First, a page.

On the other hand, ductless mini splits have less of an impact, aesthetically speaking. The only thing you see is a small indoor unit that’s attached about a third of the way down the wall from the ceiling.
There’s nothing taking up floor space, there’s no exhaust hose that’s approximately 6 to 8 inches in diameter snaking across your floor, and your windows aren’t obstructed.
Appearance Winner: Ductless Mini Split
If you need to cool your home but don’t want to give up floor space or have something to trip over, a ductless mini split is the clear winner.
Starting with portable air conditioners, upfront costs range from about US$240 to $900 on average, with price going up incrementally based on the size and features of your portable AC of choice.
|Portable Air Conditioners||Average Cost|
|8,000 BTUs||$240 to $750|
|9,000 BTUs||$300 to $600|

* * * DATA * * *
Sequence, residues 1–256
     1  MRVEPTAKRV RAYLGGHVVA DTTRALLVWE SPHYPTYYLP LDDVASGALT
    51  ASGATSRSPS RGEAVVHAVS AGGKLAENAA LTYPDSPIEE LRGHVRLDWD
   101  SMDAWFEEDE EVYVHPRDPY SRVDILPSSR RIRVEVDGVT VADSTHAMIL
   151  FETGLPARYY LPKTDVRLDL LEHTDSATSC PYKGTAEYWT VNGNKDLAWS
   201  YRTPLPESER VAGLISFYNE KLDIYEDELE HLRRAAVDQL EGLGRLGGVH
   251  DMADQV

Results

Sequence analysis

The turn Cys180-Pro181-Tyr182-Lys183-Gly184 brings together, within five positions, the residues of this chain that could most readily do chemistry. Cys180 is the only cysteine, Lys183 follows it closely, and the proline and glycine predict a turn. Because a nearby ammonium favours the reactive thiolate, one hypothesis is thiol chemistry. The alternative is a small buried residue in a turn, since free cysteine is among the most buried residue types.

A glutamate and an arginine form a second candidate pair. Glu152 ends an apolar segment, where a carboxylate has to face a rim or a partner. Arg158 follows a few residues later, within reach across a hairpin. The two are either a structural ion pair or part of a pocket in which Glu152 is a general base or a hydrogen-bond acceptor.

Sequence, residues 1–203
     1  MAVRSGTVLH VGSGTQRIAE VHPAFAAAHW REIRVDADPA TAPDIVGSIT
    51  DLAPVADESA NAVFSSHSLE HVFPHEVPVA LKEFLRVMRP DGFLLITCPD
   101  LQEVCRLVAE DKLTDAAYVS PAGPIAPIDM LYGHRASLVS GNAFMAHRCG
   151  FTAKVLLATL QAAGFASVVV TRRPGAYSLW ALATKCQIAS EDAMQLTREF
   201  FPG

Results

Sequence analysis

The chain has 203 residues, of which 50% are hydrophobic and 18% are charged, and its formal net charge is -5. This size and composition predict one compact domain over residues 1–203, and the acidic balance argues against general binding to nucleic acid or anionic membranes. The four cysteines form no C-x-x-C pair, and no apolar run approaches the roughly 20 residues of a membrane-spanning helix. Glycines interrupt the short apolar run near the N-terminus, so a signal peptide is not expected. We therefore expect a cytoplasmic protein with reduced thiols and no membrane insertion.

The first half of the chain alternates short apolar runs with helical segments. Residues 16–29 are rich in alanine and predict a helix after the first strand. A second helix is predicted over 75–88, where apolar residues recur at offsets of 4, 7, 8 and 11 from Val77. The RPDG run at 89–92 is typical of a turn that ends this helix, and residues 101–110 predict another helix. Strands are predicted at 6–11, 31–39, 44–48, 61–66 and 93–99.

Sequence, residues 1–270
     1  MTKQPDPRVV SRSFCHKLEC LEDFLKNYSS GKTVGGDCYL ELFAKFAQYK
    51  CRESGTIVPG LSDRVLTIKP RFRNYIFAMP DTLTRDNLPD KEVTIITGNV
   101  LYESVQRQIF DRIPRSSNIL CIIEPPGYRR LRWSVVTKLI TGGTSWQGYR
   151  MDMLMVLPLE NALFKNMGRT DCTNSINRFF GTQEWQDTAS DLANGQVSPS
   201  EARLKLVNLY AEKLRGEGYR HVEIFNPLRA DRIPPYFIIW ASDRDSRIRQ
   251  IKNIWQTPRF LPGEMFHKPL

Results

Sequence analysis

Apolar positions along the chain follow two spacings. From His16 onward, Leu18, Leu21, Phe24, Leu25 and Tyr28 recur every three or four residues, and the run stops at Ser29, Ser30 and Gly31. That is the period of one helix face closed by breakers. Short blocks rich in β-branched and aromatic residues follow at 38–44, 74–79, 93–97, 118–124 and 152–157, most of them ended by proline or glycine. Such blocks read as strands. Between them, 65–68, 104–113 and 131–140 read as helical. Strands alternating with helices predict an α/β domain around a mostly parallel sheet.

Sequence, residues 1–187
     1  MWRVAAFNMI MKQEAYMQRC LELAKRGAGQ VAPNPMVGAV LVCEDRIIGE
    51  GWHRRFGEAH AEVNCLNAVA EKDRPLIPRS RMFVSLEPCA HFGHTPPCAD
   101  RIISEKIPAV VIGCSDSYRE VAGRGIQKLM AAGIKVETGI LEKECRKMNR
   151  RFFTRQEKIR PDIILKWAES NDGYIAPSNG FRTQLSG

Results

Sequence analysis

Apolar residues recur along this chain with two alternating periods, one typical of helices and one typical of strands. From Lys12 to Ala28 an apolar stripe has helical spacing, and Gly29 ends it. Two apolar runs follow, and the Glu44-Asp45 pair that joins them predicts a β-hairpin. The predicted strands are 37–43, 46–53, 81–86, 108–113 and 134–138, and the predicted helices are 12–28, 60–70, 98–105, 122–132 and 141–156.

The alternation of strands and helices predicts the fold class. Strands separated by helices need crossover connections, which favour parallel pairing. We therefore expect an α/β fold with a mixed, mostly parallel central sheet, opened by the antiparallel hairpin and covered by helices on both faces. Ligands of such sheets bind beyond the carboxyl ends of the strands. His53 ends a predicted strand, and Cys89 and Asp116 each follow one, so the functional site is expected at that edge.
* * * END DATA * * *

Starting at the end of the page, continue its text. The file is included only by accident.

|10,000 BTUs||$325 to $750|
|11,000 BTUs||$400 to $600|
|12,000 BTUs||$460 to $900|
In most cases, installing a portable air conditioner is a DIY project. Most homeowners or renters will be able to follow the installation instructions and do it themselves. So typically, there are no additional costs other than the upfront purchase of the air conditioner.
Average upfront pricing for ductless mini splits, however, is much more. According to Angi, the average costs to purchase and install a ductless mini split system costs between $2,000 and $14,500.
To break that down, you’re looking at, at minimum, $2,000 for the unit itself plus about $12,000 for installation depending on complexity. Having said that, the US national average for installing a mini split is about $3,000.
Unlike a portable air conditioner which will only cool up to a maximum amount and can be moved from room to room, the size of your home and the number of rooms factor into the installation cost of a mini split system.